There's a new kind of spyware going around called Xsser that's reportedly targeting protestors in Hong Kong. The spyware — which appears to have ties to Android malware discovered last week — is installed via a Debian package and requires a victim's iPhone or iPad to be jailbroken. Breaking the root jail of iOS can provide for functionality beyond what Apple currently ships, but also strips away Apple's built-in iOS security. The same way jailbroken software can be loaded, malicious software can be loaded. (Same goes with bypassing Android's default security settings, as well as when you open up a phone to root access.) So what's going on with Xsser and how can you protect yourself?
Reuters has a quasi-report up that mislabels Xsser as a virus, doesn't link back to its source, and neglects to mention that only jailbroken iOS devices seem to be vulnerable, but does provide the following overview:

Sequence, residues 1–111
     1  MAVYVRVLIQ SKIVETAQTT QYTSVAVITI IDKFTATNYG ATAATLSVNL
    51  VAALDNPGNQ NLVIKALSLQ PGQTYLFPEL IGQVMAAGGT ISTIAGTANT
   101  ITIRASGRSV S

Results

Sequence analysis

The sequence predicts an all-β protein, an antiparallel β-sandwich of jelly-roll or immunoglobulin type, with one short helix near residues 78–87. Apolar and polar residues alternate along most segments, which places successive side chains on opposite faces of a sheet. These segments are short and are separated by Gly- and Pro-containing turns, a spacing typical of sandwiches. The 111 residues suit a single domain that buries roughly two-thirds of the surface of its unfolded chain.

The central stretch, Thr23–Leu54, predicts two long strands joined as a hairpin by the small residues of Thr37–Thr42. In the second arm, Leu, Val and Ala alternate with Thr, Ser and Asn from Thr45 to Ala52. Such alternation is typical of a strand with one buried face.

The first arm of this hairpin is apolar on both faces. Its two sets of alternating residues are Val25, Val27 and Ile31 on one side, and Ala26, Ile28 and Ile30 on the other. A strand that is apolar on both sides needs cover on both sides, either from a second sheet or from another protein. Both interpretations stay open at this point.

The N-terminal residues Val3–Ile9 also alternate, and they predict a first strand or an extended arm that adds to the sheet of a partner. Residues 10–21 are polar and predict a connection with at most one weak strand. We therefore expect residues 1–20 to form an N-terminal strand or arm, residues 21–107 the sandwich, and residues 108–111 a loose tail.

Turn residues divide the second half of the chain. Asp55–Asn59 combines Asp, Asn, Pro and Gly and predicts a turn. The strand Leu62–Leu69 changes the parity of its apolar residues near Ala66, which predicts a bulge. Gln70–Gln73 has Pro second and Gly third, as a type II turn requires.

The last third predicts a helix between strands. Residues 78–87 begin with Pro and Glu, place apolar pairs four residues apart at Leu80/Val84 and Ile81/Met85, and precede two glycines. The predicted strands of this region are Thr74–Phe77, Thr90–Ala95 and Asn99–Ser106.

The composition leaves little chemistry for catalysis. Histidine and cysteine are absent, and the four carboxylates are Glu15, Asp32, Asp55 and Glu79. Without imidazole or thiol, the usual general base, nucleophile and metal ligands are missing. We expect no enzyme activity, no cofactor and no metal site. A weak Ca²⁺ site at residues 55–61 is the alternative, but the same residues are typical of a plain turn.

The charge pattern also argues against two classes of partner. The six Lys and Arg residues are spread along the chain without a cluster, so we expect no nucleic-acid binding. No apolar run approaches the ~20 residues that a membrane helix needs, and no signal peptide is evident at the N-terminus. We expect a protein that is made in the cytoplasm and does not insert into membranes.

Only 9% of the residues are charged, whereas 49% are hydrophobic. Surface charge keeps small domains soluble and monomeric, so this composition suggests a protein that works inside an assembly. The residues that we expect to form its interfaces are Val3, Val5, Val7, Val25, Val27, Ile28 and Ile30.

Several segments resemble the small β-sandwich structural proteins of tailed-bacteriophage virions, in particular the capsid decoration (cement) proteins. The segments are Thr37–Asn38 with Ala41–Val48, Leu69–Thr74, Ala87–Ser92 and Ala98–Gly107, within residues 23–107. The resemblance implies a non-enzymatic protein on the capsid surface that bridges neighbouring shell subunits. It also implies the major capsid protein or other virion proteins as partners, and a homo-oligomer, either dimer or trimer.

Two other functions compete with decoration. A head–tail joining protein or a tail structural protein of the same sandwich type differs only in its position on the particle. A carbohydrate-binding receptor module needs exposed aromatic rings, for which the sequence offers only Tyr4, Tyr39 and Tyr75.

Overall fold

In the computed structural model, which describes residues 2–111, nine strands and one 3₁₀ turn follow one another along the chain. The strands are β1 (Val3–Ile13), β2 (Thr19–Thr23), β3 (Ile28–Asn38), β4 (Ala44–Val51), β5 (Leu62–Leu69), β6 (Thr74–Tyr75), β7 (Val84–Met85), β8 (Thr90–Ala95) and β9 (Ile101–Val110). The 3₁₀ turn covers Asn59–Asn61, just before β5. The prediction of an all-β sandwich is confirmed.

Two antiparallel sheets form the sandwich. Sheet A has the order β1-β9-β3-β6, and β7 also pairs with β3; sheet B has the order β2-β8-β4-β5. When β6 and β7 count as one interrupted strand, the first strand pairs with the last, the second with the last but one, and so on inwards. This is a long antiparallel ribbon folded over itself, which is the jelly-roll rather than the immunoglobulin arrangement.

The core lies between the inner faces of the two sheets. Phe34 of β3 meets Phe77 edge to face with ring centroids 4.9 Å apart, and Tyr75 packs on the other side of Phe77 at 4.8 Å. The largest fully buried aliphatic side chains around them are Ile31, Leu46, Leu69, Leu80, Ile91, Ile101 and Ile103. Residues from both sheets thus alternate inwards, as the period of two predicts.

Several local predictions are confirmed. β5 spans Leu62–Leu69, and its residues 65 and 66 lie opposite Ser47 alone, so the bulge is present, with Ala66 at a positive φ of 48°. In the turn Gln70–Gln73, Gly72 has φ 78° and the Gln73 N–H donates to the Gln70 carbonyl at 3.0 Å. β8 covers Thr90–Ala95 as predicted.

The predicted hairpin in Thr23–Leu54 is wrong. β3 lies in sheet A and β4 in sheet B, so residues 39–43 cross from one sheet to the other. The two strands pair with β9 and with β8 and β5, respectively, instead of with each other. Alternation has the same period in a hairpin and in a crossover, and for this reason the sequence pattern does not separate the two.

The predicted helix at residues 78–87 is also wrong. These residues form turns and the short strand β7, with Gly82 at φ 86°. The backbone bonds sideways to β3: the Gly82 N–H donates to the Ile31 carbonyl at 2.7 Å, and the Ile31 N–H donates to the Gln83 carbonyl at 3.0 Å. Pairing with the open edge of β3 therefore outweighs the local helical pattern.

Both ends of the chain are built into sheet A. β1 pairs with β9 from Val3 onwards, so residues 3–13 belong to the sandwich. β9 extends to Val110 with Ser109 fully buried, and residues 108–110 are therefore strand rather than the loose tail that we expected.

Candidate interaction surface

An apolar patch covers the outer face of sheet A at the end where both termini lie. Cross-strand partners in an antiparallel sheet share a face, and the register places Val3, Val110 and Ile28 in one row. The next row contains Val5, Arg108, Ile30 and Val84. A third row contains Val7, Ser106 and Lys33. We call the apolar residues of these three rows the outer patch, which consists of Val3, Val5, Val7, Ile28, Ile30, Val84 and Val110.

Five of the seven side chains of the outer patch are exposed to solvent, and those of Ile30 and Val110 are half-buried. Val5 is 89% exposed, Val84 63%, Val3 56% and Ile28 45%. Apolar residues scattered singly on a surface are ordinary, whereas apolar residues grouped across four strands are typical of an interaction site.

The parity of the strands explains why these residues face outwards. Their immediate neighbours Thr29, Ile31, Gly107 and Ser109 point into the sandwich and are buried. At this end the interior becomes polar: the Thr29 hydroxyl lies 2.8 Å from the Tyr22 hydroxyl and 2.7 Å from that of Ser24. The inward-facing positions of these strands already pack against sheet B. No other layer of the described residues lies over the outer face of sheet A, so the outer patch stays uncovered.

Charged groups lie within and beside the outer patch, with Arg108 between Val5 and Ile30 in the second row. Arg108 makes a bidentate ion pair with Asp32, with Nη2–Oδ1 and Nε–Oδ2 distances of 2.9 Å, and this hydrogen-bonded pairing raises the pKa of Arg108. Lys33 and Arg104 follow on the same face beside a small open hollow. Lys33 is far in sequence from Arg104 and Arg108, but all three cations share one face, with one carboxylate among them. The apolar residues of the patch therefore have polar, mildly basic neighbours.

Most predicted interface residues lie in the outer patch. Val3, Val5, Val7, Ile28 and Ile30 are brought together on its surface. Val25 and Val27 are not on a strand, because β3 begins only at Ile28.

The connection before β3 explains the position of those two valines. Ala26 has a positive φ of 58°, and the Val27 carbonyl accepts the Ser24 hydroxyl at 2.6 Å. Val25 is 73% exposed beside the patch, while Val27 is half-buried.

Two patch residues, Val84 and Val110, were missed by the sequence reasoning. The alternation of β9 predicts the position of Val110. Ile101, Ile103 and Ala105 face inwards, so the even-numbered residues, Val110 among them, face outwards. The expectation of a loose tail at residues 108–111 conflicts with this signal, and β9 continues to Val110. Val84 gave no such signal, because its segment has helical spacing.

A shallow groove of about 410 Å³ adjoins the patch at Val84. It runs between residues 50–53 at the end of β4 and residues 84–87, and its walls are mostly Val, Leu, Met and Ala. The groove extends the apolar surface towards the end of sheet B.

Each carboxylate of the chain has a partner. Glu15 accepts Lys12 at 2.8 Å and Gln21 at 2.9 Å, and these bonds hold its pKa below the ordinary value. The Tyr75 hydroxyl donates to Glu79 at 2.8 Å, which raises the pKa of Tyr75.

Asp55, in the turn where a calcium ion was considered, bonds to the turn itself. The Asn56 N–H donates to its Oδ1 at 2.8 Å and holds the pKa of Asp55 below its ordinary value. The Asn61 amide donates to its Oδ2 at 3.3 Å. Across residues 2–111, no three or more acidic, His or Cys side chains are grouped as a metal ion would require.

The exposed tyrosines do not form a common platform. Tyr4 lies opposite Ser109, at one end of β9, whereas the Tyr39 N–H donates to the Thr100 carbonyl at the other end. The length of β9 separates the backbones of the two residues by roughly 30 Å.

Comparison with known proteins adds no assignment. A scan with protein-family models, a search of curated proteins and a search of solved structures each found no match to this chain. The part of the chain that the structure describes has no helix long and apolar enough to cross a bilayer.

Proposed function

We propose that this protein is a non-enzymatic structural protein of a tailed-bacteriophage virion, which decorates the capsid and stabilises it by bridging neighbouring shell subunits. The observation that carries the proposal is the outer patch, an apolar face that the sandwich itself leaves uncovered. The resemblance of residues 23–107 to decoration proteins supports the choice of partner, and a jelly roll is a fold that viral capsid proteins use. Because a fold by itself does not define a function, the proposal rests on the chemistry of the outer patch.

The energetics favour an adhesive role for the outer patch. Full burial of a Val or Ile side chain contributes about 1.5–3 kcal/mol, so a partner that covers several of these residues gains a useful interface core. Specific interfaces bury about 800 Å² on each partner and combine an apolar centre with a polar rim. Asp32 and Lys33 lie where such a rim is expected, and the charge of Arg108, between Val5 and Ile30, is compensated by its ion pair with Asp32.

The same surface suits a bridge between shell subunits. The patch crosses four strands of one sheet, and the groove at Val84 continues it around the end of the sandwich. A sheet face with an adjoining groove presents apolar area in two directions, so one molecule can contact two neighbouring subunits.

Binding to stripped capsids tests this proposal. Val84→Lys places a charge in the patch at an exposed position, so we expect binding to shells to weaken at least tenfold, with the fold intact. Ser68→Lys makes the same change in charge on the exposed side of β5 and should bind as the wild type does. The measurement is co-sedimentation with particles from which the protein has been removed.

Lacoon itself is more thorough:
If you think you're at risk from Xsser, until more is known about how it is being spread, removing your jailbreak by upgrading or restoring to an official version of iOS is the best way to protect yourself.
Nick Arnott contributed to this article.
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Rene Ritchie is one of the most respected Apple analysts in the business, reaching a combined audience of over 40 million readers a month. His YouTube channel, Vector, has over 90 thousand subscribers and 14 million views and his podcasts, including Debug, have been downloaded over 20 million times. He also regularly co-hosts MacBreak Weekly for the TWiT network and co-hosted CES Live! and Talk Mobile. Based in Montreal, Rene is a former director of product marketing, web developer, and graphic designer. He's authored several books and appeared on numerous television and radio segments to discuss Apple and the technology industry. When not working, he likes to cook, grapple, and spend time with his friends and family.